• Target Audience Hit: Avocados from Mexico, #GuacWorld
  • Carried Over Post-Game Momentum: Mucinex, POSTGAME (#SuperSickMonday)

Overall, the ads were as strong as the game. Who was the biggest winner? The audience. Unless we were in a Tide ad too.

Do you agree with our winners, losers and honorable mention?
Who won your Brand Bowl?

I watch the commercials all year-
Jaime

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The Punch (and Tweet) Heard Round The World

With the release of a grainy security camera video yesterday, TMZ made a mockery of the Baltimore Ravens, the Atlantic County prosecutor and the NFL. As if the domestic violence incident wasn’t bad enough, the attempted cover-up, or whitewashing of the facts in the case, is a slap in the face to women everywhere.

The numbers are staggering1 in 3 U.S. women have experienced physical violence, rape and/or stalking by an intimate partner at some point in their lifetime. 81% of women who experienced intimate partner violence (IPV) reported at least one health-related or other impact. $8.3 billion. That’s the cost of IPV in medical, mental health services and lost productivity costs alone each year.*

Unfortunately, these numbers are also impressive and far more important in some circles. Ray Rice’s jersey ranked #28 in the entire NFL in the last fiscal year. The running back has rushed for more than 1,000 yards in 4 out of the past 5 seasons, and he was enjoying a 5 year / $35 million contract, including $22 million in guaranteed money before being released yesterday. In other words, he’s a superstar.

Whether the NFL or any other party had seen the latest video is irrelevant. They knew the facts of what happened on that awful night, and according to TMZ, they never requested the security video from the hotel/casino. (Yes, I just referenced TMZ as a news resource. Unfortunately, they seem to be the most reputable source in this debacle.) What kind of investigation did the NFL — or the Atlantic County prosecution — conduct?

What really amazes me is the Baltimore Ravens’ response. The team held a press conference seemingly to minimize the seriousness of the situation and let the whole world know that Janay Rice was at least partially to blame. The following tweet has since been deleted from the Ravens’ official Twitter account.

Baltimore Ravens tweet

Screenshot courtesy of Mediaite.com

Remember, you can never truly delete a tweet or post. It lives forever somewhere online and could serve to pop up at the most inopportune time. Think before you tweet, especially from an official brand account.

Shortly following the release of the most recent video, the Baltimore Ravens released Ray Rice, and the NFL indefinitely suspended him, which are far more appropriate actions than the initial discipline — a 2 game suspension. Two games for punching a person in the face, knocking her head against an elevator so hard that she was rendered unconscious, dragging her out of the elevator and through the lobby like a bag of trash (while still unconscious) and spitting on her. Yet a player who tests positive for marijuana can be suspended for the whole year. What kind of image does that send?

The only good news that has come out of the backlash generated by this disturbing situation is the NFL’s much tougher stance on domestic violence. A first offense receives a 6-game suspension without pay, and a second offense is punished with a lifetime ban. The policy applies to all NFL personnel, including executives and coaches, but there is a caveat that allows multiple time offenders to apply for reinstatement after one year. Is it tough enough or overboard?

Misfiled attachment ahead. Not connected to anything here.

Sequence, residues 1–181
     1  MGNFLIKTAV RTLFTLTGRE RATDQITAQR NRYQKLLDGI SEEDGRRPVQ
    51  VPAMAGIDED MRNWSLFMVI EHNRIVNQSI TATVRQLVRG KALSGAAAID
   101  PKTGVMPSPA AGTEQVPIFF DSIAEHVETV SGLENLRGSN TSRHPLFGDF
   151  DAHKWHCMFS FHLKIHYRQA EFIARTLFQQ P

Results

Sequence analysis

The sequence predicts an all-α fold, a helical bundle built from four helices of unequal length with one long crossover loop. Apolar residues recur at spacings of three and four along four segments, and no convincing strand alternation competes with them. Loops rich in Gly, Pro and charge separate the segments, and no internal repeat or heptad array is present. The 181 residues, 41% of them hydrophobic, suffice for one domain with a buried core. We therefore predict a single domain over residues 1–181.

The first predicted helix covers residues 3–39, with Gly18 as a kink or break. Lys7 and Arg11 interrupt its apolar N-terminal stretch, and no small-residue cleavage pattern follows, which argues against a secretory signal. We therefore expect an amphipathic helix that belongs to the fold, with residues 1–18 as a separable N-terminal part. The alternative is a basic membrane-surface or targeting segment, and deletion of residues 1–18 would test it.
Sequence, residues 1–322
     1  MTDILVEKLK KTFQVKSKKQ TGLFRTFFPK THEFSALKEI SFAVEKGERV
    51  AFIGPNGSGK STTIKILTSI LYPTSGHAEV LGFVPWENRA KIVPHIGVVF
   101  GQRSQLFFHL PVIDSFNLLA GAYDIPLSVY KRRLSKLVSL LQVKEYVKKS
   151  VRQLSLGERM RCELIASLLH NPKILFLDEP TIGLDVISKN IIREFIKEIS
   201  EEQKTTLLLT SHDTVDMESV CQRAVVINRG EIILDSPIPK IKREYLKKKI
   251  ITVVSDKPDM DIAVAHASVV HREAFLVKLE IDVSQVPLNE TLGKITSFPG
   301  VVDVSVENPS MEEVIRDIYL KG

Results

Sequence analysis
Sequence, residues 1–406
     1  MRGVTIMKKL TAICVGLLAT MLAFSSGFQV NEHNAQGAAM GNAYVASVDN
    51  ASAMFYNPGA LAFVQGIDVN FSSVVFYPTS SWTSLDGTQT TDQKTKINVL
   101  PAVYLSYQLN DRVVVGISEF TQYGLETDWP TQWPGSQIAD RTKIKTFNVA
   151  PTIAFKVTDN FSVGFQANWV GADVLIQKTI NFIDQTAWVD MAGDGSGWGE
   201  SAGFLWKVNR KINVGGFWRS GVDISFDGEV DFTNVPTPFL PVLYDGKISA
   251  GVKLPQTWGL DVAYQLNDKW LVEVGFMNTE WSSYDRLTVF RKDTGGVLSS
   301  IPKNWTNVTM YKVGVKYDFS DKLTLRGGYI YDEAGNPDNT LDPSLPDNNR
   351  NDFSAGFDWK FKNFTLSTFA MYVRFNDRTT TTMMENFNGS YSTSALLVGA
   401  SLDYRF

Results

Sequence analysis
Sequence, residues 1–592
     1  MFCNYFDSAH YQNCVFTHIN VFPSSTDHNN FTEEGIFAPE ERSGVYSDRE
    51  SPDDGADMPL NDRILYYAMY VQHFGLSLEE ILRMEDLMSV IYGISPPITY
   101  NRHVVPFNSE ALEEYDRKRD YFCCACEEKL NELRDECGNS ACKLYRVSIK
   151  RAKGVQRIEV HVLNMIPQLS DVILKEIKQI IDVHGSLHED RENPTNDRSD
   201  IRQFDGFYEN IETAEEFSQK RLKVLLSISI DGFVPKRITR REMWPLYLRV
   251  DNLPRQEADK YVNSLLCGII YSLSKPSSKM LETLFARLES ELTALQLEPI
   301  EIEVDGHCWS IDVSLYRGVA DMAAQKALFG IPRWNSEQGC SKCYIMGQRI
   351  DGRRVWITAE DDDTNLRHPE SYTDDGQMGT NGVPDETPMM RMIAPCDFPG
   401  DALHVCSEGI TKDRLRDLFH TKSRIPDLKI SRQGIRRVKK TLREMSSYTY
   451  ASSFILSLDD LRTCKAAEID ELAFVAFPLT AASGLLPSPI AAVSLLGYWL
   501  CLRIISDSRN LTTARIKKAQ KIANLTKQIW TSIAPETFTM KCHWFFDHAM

How far will the fallout of this incident and cover-up reach? The Baltimore Ravens’ front office? NFL commissioner Roger Goodell? The Atlantic County prosecutor’s office? Who knew what when? Why was Ray Rice given such a light punishment — by the league and legally — before this video leaked?

“[Roger Goodell’s] push to increase NFL punishment of domestic abusers to roughly one-third that of repeat pot smokers, his decision today to suspend Rice indefinitely after the Ravens had fired him are elements of classic tragedy wherein the right thing is finally done only after it is too late to matter. Roger Goodell’s existence, who he is, what he has turned the NFL Commissioner’s office into is now symbolized by Ray Rice’s brutal left hand striking Janay Palmer, and striking her again. Mr. Goodell is an enabler of men who beat women. His position within the National Football League is no longer tenable.”  –Keith Olbermann, ESPN talk show host

My only hope is that someone, or multiple women out there, who are suffering from domestic violence will see the ugliness of this incident and make the choice to get help for their own situation. It’s so easy to blame the victim in domestic violence situations, but women stay in abusive relationships for a number of reasons. If you want to hear from real women on why they stayed, just browse the #WhyIStayed hashtag on Twitter. Thank you to everyone who continues to share their stories and encourage others to get help.

If you or anyone you know is suffering from domestic violence abuse, please call 1.800.799.7233 or visit a local shelter. Don’t become another statistic. You’re worth so much more.

Sadly, I agree.

A disappointed NFL fan,
Jaime

*Intimate Partner Violence (IPV) statistics courtesy of the Centers for Disease Control and Prevention